Rakhshan Banietemad’s film in competition is notable for a number of a reasons. She is one of the few female directors in competition and  she is Iranian, having made Ghesseha after a self-imposed cinematic exile of eight years. This decision came from a refusal to deal with the various ministerial offices in order to gain permission to film. To sidestep this, she came up with a brilliant idea: make a bunch of short films that require no ministerial intervention and piece them together to create a feature. The result is an intelligent and highly watchable movie.

Ghesseha follows various stories that are all interlinked, the first a taxi ride involving a filmmaker home in Iran after years abroad, determined to make a film in his homeland whilst knowing he is going to come up against numerous bureaucratic hurdles. His cab driver drops him off, only to pick up a woman, obviously on the run from a troubled domestic situation, her feverish child in tow. From here we meet the cab driver’s mother, a woman who recently lost her factory job and is seeking compensation whilst simultaneously trying to get her other son out of jail, where he’s been imprisoned for a year for his outspokenness. And so we go on around the city, meeting factory workers and drug addicts, army veteran doctors and university dropouts, their lives intertwined often without them realising it.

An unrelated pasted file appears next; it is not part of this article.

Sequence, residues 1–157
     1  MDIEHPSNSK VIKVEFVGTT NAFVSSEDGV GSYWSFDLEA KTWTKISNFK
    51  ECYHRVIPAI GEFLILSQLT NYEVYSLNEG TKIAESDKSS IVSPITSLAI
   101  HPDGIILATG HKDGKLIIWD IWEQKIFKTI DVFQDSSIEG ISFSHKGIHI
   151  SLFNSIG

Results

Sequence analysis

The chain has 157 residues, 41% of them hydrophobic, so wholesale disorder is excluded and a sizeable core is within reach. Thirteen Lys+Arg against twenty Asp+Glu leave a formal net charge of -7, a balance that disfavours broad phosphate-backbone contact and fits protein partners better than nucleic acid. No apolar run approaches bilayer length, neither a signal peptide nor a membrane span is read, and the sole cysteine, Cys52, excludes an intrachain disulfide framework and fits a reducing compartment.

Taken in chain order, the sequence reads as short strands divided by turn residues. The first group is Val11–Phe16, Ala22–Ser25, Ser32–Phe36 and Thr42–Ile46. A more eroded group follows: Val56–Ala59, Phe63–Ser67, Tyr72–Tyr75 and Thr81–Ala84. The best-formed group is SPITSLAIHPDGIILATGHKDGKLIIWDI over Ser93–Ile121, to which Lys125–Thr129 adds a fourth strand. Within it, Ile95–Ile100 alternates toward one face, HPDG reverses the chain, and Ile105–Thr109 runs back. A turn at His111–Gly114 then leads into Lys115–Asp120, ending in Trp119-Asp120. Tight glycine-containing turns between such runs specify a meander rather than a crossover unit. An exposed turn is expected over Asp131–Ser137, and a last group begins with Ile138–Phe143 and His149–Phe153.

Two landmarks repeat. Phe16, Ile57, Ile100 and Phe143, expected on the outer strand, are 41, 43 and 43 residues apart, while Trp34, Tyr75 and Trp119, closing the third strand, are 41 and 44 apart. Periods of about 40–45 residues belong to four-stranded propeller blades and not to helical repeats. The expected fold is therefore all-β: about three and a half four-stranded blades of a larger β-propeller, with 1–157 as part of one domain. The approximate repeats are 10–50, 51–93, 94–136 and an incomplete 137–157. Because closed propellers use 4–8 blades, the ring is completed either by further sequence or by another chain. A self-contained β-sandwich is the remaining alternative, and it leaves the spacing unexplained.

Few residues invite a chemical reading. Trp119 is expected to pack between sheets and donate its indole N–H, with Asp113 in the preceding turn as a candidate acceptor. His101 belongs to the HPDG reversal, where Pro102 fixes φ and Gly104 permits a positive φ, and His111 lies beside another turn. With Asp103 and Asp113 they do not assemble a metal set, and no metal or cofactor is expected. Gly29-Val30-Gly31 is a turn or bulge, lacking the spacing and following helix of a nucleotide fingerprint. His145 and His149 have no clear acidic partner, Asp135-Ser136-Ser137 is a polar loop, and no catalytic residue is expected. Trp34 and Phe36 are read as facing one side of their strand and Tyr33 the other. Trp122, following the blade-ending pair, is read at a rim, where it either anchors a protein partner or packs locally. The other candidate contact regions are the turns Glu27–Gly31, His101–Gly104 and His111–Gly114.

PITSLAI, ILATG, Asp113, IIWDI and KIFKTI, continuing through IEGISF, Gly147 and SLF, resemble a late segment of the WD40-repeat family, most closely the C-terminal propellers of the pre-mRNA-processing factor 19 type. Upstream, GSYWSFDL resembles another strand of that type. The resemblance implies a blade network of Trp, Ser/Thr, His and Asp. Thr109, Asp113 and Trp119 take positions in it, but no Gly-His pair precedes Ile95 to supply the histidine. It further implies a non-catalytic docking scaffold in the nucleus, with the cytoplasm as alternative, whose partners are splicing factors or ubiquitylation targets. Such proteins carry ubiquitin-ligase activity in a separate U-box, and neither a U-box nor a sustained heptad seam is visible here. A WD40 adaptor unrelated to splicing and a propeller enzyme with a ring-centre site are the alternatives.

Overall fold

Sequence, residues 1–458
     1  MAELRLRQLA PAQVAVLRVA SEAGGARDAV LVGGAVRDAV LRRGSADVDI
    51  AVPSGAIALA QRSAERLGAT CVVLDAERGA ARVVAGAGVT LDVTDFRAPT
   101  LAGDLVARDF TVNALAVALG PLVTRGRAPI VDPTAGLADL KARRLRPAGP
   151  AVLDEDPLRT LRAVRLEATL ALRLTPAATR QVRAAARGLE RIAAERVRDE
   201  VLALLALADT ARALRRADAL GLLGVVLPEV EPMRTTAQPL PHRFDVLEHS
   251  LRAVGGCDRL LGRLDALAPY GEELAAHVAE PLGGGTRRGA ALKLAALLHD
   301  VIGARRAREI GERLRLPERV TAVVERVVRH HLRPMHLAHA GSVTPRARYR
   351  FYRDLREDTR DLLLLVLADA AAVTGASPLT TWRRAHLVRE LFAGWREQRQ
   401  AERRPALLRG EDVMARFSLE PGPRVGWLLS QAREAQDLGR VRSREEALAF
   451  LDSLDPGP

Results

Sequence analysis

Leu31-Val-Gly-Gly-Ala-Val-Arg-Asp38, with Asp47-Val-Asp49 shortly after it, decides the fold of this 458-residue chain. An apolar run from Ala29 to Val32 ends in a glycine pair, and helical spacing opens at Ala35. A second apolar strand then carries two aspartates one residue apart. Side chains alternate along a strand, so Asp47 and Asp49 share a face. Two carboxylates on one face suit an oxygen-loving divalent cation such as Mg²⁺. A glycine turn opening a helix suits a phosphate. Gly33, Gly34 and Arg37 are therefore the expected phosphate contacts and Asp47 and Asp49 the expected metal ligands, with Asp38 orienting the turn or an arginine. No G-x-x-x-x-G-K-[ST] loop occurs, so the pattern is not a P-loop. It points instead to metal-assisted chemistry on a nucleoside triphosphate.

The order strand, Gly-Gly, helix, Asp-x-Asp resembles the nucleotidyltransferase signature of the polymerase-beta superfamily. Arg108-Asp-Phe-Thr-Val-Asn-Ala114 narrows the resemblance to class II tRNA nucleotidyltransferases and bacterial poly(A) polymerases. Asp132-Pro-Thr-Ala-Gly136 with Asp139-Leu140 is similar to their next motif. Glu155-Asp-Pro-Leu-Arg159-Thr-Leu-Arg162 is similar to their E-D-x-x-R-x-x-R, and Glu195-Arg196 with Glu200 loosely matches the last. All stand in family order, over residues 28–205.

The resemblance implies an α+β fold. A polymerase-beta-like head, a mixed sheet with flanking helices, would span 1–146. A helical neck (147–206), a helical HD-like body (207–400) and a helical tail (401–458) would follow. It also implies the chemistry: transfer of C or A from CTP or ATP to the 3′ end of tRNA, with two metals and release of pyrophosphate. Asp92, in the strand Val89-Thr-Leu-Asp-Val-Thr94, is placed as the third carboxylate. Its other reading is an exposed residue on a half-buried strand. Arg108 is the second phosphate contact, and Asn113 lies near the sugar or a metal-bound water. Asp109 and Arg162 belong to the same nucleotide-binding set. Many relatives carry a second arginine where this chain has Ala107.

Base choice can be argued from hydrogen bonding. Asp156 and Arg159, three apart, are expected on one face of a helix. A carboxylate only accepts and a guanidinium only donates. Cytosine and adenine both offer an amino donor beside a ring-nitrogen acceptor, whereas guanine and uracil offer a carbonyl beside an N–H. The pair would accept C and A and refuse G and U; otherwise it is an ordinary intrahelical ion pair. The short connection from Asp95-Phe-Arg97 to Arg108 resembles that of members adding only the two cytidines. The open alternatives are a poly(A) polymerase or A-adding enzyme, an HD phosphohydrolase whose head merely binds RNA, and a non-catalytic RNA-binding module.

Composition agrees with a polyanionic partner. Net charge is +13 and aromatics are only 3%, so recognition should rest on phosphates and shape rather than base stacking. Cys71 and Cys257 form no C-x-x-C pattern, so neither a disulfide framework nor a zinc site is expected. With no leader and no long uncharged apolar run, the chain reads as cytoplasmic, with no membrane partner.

Many of the tales touch on contemporary Iranian life and the audience gets to see a women’s shelter for drug users. We see the effects of Iran’s skyrocketing inflation and the emasculation of the many unemployed men who now rely on their wives’ income, a situation so much harder to swallow in this patriarchal state. We learn of the increased drug use amongst the young and realize that the problems of many modern Iranians are those faced by Westerners but with an extra topping of Islamic dictatorship.

Banietemad has created an eminently watchable movie, thanks to the generosity of her crew and cast, many of them working for free and two of the female leads rushing to film their parts before being banned from working. Against the odds, this director has produced a film with high production values and has garnered some great performances from her actors. In a nice twist, some of the characters in Tales are from the director’s previous films, showing how life goes on even for fictitious characters.

The final scene of two potential lovers arguing with each other as they transport an attempted suicide back to her sheltered housing is the highlight of the film: as the two bicker, with the girl finally confronting the guy as the suicide girl – all red bandages up her arm – groans in the background, we realise that this is not just a political film about people going about their daily lives, fighting for justice against an indifferent and Byzantine state, it is a film about human interaction, about relationships and about love.